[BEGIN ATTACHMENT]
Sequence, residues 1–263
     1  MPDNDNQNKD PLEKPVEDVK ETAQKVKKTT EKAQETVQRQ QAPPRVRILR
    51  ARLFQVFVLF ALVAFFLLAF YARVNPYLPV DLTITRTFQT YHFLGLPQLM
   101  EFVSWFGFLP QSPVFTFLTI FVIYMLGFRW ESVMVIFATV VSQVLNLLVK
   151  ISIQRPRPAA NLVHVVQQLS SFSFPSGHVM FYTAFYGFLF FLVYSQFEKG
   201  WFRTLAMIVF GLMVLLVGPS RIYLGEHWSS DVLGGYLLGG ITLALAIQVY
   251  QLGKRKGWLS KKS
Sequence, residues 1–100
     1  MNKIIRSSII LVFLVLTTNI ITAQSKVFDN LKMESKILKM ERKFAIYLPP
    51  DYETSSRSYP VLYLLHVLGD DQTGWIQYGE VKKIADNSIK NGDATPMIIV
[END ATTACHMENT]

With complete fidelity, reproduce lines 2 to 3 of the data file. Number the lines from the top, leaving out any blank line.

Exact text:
     1  MPDNDNQNKD PLEKPVEDVK ETAQKVKKTT EKAQETVQRQ QAPPRVRILR
    51  ARLFQVFVLF ALVAFFLLAF YARVNPYLPV DLTITRTFQT YHFLGLPQLM